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What Was the Top #ScienceFail for 2014?

Science isn’t easy. Scientific research is often difficult, tedious, and can take years to come to fruition. And it’s because it takes such dogged effort to reach solid scientific conclusions that we trust the work scientists do. Unfortunately, too many politicians and institutions reject or distort scientific conclusions they don’t like.

We all lose when political spin runs roughshod over evidence scientists have uncovered regarding risks to our health and well-being. Sadly, such incidents are now commonplace enough to have their own hashtag: #ScienceFail. Here are our nominations for the worst cases of #ScienceFail for 2014. Read More

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Google and the EPA’s Clean Power Plan: Leaders and Fortune 500 Companies Unite in Support of Renewable Energy

Q: What do Google, 223 other businesses, 14 attorneys general, 11 U.S. senators, and more than 25 environmental, public health, and clean energy organizations all have in common?

A: They all told EPA that renewable energy should play a strong role in reducing emissions from existing power plants under its proposed Clean Power Plan. Read More

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Who Else Stood Up for Science in 2014? Our Members’ Picks

When we announced our Got Science? champs for 2014, we asked our members whose story inspired them the most. We also asked them to share stories about other people who stood up for science in 2014. We received about 500 responses; here are some highlights: Read More

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Global Warming Fact: More than Half of All Industrial CO2 Pollution Has Been Emitted Since 1988

By the end of this year, more than half of all industrial emissions of carbon dioxide since the dawn of the Industrial Revolution will have been released since 1988 — the year it became widely known that these emissions are warming the climate. Read More

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6 Reasons I Am Optimistic COP 20 in Lima Will Help Avert the Climate Crisis

I have been attending the annual meetings of the UN Framework Convention on Climate Change (UNFCCC) since 2006 and this rarified, diplomatic process has been inspiring, frustrating, and sometimes profoundly depressing. Having stepped back from engaging in the details of the negotiations the past couple of years, I was able to observe them this year in Lima from a new perspective. And I believe we are actually making progress. Read More

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Busting the Myth of “Job-Killing EPA Regulations”

Earlier this month, when EPA proposed a new health-protective air quality standard for the pollutants that form “ozone,” some critics predictably pounced on it as another example of a long string of “job-killing EPA regulations.” Yet last week, we learned that the U.S. economy created about 320,000 new jobs in November, and average wages are starting to rise as the labor market tightens.

If you spot some dissonance here, you’re not alone. The claim that EPA regulations kill jobs is belied by the record. Read More

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We’re Number One! – In What Our Land Can Do for the World’s Climate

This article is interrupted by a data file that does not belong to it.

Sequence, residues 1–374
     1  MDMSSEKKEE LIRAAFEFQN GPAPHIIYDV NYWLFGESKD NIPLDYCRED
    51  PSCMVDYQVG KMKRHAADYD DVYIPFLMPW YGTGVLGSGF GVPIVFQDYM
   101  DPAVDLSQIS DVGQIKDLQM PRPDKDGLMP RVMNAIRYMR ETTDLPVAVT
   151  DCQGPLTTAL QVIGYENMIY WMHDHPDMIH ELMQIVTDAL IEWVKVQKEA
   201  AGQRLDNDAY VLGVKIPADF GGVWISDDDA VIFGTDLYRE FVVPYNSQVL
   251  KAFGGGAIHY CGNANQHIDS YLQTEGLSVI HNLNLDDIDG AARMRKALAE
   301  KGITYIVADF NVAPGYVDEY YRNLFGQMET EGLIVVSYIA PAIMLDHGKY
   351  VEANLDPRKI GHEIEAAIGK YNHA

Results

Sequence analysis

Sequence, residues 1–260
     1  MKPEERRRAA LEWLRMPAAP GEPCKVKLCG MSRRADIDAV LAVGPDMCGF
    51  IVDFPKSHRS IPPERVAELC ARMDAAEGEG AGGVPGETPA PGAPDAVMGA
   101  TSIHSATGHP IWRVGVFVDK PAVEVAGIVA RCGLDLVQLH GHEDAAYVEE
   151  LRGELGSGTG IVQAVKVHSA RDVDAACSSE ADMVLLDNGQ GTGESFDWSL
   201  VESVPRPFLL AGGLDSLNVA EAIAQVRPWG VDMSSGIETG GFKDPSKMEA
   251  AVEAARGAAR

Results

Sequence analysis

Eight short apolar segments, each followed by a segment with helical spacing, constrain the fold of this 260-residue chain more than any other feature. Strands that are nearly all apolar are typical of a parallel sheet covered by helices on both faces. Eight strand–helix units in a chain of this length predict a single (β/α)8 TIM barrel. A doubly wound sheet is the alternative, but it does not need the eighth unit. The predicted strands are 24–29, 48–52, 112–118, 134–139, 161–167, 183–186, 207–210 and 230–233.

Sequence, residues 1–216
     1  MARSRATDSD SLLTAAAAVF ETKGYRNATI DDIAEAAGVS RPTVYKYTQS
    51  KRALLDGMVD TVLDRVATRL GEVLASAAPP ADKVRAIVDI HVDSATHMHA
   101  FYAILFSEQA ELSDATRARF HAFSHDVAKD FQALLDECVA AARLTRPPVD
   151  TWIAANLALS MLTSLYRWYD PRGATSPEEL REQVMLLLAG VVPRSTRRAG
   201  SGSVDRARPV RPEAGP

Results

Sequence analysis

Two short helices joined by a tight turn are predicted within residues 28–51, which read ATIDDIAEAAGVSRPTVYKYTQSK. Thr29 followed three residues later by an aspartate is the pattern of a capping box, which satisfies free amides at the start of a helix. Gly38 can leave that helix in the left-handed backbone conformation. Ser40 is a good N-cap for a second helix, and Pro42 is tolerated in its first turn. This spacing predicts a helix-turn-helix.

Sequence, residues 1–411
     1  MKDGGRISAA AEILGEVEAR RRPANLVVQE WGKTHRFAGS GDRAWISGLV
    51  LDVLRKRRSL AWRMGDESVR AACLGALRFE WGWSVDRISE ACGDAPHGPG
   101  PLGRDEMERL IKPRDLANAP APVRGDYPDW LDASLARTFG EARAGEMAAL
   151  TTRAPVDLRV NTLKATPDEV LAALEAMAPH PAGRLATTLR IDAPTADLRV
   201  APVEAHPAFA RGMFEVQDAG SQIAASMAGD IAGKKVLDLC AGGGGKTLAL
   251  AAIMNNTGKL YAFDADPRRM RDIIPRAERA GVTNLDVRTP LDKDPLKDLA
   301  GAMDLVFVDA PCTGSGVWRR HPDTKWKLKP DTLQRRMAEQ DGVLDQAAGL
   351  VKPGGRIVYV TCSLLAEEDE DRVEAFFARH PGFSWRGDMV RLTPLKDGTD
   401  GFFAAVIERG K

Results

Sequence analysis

You hear the phrase “we’re number one!” from Americans fairly often, usually in relation to sports or politics. Now new research from the Union of Concerned Scientists shows  that there’s another domain where it applies. It’s not as an assertion of superiority, and probably never will lead to a chant at the Olympics, the World Cup or even the UN climate negotiations. Rather, it’s in terms of our potential to use our land sector – that is, agriculture and forests – to reduce our global warming pollution and avoid the worst consequences of climate change.

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At COP 20 in Lima: The Buzz about Renewable Energy

I’m in the beautiful city of Lima, at the annual United Nations climate talks, or COP 20. Even as negotiators labor over “non-papers” and “elements of draft negotiating text,” the real buzz here is about the incredible opportunity to drive down global emissions by investing in renewable energy and energy efficiency. What makes this a particularly exciting time is that the costs of renewable energy are falling dramatically. The clean energy transition has never been more affordable – or, frankly, more urgently needed. Read More

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Why COP 20 Lima Matters to South American Countries

The Conference of Parties (COP20) currently being held in Lima is critically important for South American countries given their exposure to climate change impacts. Land surface changes, fossil fuel extraction, and sea level rise are key concerns for these countries. Read More

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The Clean Power Plan is a Climate Game Changer. Here are Seven Ways to Strengthen it.

Yesterday the Union of Concerned Scientists (UCS) submitted its comments on the draft Clean Power Plan (CPP) to the EPA. Joining millions of others, we registered our strong support for these historic, first-ever limits on carbon emissions from power plants, which are the single largest source of these emissions in the United States. This rule could be a climate game changer. We also recommended a number of ways the plan should be strengthened and improved, especially by increasing renewable energy contributions.
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